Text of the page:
The impact of the Financial Conduct Authority’s new Consumer Duty rules is reverberating around the industry and thoughts on fees, levels of investor protection and service delivery are growing inserting themselves into minds. And in one particular area – share class conversions, where investors transfer from one class of share to another better suited to their needs – the FCA has signalled its intent to ensure the industry ups its game.
Intense area of activity for many funds
Share class conversions are a well known aspect of the funds industry. But, as a survey conducted by Calastone recently showed, they represent an intense area of activity. Firms said they conducted many thousands of conversions a year – up to 50,000 in one instance. Yet in the great majority of cases this is all handled manually.
The volumes reflect a mushrooming in the number of different share classes fund managers have offered in the past decade or so. Now investors may be advised to switch to a different fee structure or fund. Each firm has a burden to carry, yet it is interesting to see the FCA call out the transfers process as a worked example of its impact.
The FCA has questioned whether the funds industry gives enough support to share class conversions. It has been a focus for a number of years when they mandated that fund firms must support SCCs for their clients and now the expectation is that they will soon be looking into how efficiently these are being supported.
Survey demonstrates scale of manual workload
Our survey threw up a number of interesting findings. As I’ve mentioned, one was the sheer volume of conversion requests funds received. While a tiny minority of firms had at least some automated systems to deal with this, most relied entirely on manual processing. Almost half needed four or more people (full time equivalents) to manage the workload.
Not surprisingly, around two-thirds of respondents said their number one challenge was avoiding errors when rekeying data. Also problematic was the time spent chasing up progress reports on individual conversions. There was also the matter of searching for the appropriate share class into which to convert. Neither leads to efficient outcomes for investors as they can’t get timely status updates on their conversion nor will they always end up in the best class available. Naturally, this undermines the duty of care to consumers.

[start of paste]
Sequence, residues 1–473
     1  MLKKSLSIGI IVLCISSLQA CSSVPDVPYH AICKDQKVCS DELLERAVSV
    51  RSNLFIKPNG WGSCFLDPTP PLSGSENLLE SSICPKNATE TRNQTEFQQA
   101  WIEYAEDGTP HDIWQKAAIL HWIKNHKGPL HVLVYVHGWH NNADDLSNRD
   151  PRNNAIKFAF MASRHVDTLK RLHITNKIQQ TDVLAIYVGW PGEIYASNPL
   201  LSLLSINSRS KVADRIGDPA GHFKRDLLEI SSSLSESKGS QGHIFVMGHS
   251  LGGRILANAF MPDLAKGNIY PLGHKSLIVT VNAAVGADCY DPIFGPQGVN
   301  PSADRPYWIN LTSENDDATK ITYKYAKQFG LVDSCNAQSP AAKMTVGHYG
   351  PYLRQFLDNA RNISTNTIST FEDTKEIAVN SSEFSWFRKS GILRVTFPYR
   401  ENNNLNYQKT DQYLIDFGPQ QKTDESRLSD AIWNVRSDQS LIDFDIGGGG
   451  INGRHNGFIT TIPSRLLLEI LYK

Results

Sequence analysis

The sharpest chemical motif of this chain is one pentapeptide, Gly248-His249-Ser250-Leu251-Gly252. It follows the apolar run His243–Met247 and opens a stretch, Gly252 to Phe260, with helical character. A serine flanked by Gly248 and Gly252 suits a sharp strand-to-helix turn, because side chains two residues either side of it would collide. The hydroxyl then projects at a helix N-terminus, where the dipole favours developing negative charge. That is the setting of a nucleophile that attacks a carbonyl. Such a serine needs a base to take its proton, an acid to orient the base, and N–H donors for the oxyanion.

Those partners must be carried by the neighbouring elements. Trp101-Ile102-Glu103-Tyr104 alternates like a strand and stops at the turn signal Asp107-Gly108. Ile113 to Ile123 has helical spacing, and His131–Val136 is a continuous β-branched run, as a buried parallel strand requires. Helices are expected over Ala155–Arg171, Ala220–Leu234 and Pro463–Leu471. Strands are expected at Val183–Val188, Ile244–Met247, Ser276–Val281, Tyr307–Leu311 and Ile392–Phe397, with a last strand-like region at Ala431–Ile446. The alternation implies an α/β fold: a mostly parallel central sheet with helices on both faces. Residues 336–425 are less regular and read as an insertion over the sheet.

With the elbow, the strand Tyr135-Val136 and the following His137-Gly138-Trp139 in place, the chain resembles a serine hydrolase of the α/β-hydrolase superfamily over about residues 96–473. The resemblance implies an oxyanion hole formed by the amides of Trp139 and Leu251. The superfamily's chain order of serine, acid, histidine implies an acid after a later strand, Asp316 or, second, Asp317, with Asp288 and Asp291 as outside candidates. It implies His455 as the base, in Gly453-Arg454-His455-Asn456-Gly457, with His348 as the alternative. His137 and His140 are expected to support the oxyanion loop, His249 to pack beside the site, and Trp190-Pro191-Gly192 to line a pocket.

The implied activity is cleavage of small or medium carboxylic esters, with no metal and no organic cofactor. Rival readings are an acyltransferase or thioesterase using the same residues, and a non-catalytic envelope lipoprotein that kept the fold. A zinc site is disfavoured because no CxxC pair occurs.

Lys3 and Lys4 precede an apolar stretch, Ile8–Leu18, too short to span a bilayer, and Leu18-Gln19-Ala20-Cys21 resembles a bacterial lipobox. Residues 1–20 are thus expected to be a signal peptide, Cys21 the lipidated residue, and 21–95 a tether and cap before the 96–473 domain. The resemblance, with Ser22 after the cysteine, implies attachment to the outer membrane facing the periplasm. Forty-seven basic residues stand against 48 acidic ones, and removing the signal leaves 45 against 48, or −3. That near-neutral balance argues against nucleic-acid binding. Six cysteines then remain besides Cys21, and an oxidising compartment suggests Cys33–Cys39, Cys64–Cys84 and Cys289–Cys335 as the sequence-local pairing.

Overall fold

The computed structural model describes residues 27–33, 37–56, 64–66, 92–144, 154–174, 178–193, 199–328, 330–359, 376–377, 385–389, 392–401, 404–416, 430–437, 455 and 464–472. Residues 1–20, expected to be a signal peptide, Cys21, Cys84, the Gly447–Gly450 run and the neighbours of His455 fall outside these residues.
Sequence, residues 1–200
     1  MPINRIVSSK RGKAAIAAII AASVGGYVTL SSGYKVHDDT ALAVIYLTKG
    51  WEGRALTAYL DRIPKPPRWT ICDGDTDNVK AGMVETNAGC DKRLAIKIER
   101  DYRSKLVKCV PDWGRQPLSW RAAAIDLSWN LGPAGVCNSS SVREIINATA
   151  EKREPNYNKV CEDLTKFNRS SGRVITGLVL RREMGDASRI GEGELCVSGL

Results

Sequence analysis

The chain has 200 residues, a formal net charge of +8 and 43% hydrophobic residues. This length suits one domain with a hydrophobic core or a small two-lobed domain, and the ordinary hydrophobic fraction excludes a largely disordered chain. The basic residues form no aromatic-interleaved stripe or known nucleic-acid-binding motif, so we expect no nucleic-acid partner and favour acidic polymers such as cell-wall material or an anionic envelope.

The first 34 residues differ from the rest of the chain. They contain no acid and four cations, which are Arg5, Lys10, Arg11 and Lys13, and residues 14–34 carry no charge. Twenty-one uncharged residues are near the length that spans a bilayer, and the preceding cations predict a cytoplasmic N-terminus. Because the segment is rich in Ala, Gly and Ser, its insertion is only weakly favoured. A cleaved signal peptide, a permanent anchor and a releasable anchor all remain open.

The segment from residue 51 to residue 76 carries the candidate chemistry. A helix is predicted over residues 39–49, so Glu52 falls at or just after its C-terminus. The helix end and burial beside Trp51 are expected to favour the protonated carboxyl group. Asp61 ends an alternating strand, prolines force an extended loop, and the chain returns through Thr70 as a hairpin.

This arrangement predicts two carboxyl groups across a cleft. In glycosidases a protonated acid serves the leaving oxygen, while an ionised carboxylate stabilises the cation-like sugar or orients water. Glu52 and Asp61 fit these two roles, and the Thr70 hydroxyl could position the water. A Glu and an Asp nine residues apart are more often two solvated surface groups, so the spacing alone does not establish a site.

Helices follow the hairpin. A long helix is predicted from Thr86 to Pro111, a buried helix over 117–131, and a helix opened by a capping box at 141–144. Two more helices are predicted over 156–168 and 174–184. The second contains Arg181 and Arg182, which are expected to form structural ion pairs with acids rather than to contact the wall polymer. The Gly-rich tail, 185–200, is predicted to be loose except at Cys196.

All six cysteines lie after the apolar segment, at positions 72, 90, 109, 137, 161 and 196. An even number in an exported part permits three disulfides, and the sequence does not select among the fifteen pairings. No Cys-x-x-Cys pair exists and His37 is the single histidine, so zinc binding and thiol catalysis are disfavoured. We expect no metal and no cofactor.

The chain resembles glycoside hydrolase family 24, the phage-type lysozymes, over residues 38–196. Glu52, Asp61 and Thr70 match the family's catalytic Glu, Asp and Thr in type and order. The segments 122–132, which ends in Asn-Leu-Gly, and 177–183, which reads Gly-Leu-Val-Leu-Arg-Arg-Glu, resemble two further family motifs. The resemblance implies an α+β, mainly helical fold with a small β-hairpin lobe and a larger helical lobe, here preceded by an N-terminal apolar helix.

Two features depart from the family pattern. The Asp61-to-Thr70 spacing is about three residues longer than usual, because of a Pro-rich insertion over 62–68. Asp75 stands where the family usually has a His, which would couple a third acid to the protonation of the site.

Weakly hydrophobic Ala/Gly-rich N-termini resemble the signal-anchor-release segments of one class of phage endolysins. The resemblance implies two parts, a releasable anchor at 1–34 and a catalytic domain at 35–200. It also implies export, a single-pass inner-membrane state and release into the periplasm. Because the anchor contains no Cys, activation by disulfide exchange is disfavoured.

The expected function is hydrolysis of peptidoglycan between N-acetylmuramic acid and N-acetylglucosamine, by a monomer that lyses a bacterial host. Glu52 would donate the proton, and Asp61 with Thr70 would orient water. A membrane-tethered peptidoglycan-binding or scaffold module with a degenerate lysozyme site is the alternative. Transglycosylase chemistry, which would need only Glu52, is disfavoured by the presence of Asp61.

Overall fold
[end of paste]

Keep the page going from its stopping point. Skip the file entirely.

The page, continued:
There is another challenge, too. Wherever possible, it is important to avoid having to redeem the investor’s shares before converting into the new class. Being out of the market for any length of time adds risk to the whole process.
But without a guarantee that a share class conversion can go ahead without a redemption, investors may well be deterred from making any switch that could involve a different platform or fund provider.
Automation continues to present itself as the answer
Calastone was asked to build a neutral share class conversions solution that would allow firms to fulfil this investor requirement with any market participant. In the process we surveyed the market to understand its needs and developed Calastone Share Class Conversions to process any number of share class conversions. It digitally connects with any industry partner to afford a streamlined and transparent process so that everyone involved can see the status of a conversion as it progresses. There is no more ‘chasing up’.
Importantly, there is no more need for a redemption before the investor gets reinvested in another share class – whatever they might be invested in. A central part of the service is a solution to deal with asset transfers where two platforms have different unit classes. It obviates the need for a sale and then a purchase.
Step-by-step, the industry needs to get to where the FCA wants to be
Calastone Share Class Conversions simplifies the whole process and helps speed it up. For investors, it provides access to the widest range of fund options.
One interesting finding from our survey was that a significant number of respondents said automation would improve the outcome for their investors. That is hardly surprising but it should be music to the FCA’s ears.
Step by step the UK fund industry has automated to improve its processes and reduce costs and risks. By and large it is a story of incremental changes rather than a big bang-style revolution. Automating share class conversions is another of those steps – but with consequences that should delight both finance departments, the regulator and the investor.